With the recent news out of Alabama of the “Alabama Human Life Protection Act,” it is timely to look at how abortions may relate to the workplace.
You may have heard about the Pregnancy Discrimination Act (“PDA”) before, but did you know that it extends to much more than “pregnancy”? In fact, the PDA prohibits adverse employment actions “because of or on the basis of pregnancy, childbirth, or related medical conditions.”
Because of this language, the PDA has broadly been construed to protect various aspects of pregnancy and pregnancy-related medical conditions. But the question here today is, does the PDA’s coverage extend to employees who have abortions?
Recently, the US federal court in the Eastern District of Louisiana faced exactly that question.
Back in 2017, a Louisiana woman claimed that she told her employer that she had become pregnant and that she was planning on having an abortion. The woman then requested time off work to have the procedure performed. The woman’s employer granted the time off, but then terminated the employee while she was away to have the procedure. The woman filed suit against the employer, alleging that the company violated the PDA by firing her.
The answer to the question of whether abortions are protected under the PDA is not clear by looking at the language of the PDA alone. Although, the PDA does not preclude an employer from providing abortion benefits or otherwise affect bargaining agreements in regard to abortion, there’s nothing explicit in the PDA about discrimination based on having an abortion.
In addition, prior to this case, no court in the Fifth Circuit had directly addressed this issue. As a result, the court first had to look for additional guidance. In making its determination, the court noted that other federal appellate courts had found that abortions are protected under the PDA. For instance, if this case was pending in the Third Circuit (PA, NJ, DE, USVI) or the Sixth Circuit (KY, MI, OH, TN) the employee would have a valid claim under the PDA. In addition, the EEOC guidelines support a conclusion that an employer may not discriminate against a woman employee because she has exercised her right to have an abortion. Finally, it’s relevant to note that the legislative history of the PDA supports the same conclusion. Congress talked about how the PDA’s “basic language covers decisions by women who chose to terminate their pregnancies. Thus, no employer may, for example, fire or refuse to hire a woman simply because she has exercised her right to have an abortion.”
On the other hand, the woman’s employer argued that the employee’s pregnancy discrimination claims should be dismissed because Title VII does not recognize abortion as a protected characteristic. Specifically, the employer argued that “abortion is not pregnancy, childbirth, or a medical condition related to pregnancy and that Congress could have included abortion as a protected characteristic but did not do so.”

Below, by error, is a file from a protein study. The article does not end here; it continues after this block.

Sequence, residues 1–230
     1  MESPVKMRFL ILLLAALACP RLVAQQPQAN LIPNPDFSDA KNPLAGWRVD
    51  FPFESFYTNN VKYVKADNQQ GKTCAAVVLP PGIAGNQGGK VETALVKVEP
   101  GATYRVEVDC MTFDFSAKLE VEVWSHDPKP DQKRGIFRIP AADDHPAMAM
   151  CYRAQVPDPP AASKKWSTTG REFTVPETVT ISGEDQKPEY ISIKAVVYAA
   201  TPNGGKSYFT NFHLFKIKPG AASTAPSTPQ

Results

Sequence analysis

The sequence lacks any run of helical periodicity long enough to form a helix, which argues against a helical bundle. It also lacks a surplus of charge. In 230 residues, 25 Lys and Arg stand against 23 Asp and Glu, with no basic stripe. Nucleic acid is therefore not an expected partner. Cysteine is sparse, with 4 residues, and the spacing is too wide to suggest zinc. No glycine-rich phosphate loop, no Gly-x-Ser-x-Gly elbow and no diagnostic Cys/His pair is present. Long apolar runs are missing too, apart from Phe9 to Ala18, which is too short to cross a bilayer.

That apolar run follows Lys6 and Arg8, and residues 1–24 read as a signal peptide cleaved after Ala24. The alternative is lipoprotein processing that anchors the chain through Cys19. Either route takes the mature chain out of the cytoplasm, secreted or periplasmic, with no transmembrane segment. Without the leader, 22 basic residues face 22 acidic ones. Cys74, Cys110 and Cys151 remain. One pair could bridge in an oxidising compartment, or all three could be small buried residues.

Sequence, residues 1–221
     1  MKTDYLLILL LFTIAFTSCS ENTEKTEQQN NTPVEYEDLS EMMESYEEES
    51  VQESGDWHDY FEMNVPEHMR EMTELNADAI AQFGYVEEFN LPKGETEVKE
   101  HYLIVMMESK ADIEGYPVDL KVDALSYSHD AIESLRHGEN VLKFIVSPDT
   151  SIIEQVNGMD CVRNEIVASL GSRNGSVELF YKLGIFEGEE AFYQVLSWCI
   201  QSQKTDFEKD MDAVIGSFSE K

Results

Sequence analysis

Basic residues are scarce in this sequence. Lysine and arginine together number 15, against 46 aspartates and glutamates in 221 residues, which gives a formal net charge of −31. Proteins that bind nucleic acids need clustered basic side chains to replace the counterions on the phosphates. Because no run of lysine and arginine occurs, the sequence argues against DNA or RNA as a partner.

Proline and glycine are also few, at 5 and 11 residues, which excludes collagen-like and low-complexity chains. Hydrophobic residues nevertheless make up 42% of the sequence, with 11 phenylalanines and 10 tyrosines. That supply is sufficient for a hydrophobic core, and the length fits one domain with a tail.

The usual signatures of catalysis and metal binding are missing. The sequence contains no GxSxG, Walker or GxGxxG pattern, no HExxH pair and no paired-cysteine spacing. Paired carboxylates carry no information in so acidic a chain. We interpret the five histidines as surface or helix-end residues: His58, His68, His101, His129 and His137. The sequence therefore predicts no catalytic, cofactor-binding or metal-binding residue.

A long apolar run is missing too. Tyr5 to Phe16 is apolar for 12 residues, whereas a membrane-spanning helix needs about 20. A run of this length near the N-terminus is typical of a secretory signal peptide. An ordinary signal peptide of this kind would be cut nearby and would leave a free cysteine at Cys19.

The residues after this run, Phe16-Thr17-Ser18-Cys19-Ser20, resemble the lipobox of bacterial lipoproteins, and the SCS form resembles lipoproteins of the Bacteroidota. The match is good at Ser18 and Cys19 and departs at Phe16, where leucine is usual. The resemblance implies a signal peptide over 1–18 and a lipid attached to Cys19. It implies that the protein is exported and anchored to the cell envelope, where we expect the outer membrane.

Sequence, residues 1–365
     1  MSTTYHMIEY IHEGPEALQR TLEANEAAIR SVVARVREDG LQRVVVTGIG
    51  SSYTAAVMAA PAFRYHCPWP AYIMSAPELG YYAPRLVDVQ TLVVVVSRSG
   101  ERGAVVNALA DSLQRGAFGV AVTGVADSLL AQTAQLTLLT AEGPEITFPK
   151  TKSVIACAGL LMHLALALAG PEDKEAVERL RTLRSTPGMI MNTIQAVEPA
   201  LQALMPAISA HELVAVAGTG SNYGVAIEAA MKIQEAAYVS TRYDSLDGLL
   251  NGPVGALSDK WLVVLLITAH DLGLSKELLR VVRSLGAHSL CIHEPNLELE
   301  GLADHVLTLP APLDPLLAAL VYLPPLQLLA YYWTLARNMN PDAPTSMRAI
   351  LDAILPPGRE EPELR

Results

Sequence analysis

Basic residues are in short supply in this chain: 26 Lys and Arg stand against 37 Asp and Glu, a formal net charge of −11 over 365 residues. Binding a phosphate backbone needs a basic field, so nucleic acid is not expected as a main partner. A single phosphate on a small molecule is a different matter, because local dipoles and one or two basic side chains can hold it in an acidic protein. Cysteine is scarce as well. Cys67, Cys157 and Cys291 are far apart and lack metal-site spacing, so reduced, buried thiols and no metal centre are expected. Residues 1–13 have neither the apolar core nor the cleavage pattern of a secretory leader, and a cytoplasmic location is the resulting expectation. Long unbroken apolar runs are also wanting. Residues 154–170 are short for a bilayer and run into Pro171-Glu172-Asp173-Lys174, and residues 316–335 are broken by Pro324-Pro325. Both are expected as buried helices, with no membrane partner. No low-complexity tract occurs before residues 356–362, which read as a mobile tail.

So, what did the court do? It sided with the courts that had previously addressed this issue:
The court finds that abortion is encompassed within the statutory text prohibiting adverse employment actions “because of or on the basis of pregnancy, childbirth, or related medical conditions.” While an abortion is not a medical condition related to pregnancy in the same way as gestational diabetes and lactation, it is a medical procedure that may be used to treat a pregnancy-related medical condition….If a person has to have an abortion because she is suffering from anemia as a result of a pregnancy, she, too, is protected from termination. Moreover, an abortion is only something that can be undergone during a pregnancy. Title VII requires that “women affected by pregnancy, childbirth, or related medical conditions shall be treated the same for all employment-related purposes.” A woman terminated from employment because she had an abortion was terminated because she was affected by pregnancy.
Accordingly, the court held that Title VII as amended by the PDA extends to abortions.
What does this mean for employers? Simply that it’s important to remember that the PDA extends to much more than just “pregnancy,” and instead prohibits adverse employment actions “because of or on the basis of pregnancy, childbirth, or related medical conditions.”
About Harrison Oldham
Harrison grew up in Mansfield, Texas. He attended Texas A&M University for his bachelor’s degree, where he met his wonderful wife, Kelsey. After graduating magna cum laude from Texas A&M, he attended SMU Dedman School of Law, graduating with honors in 2012. Today, Harrison and his wife live in Dallas, Texas with their son, Teddy.
Since graduating from SMU Law, Harrison has worked exclusively in the field of business law. He has spent time in private practice and in-house, working with clients of every size; from single person startups to Fortune 250 companies. Today his practice focuses on serving the diverse needs of businesses and individuals throughout Texas.
You can learn more about him by visiting his website, at: http://